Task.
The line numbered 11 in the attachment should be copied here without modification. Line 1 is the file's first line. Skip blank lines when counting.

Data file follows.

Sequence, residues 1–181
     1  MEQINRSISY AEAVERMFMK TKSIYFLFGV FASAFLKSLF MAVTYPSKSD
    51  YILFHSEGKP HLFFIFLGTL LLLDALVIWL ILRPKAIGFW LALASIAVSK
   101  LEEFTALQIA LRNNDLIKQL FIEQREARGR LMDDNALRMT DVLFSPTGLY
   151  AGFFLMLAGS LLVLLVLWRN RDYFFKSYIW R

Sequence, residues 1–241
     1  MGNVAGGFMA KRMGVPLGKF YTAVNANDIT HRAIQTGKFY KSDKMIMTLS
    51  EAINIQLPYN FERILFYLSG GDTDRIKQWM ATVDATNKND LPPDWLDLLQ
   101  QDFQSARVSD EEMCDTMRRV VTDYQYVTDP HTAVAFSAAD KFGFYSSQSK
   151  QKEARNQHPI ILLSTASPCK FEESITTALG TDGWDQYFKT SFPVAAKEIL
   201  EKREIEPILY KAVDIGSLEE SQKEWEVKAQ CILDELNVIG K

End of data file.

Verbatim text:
   201  EKREIEPILY KAVDIGSLEE SQKEWEVKAQ CILDELNVIG K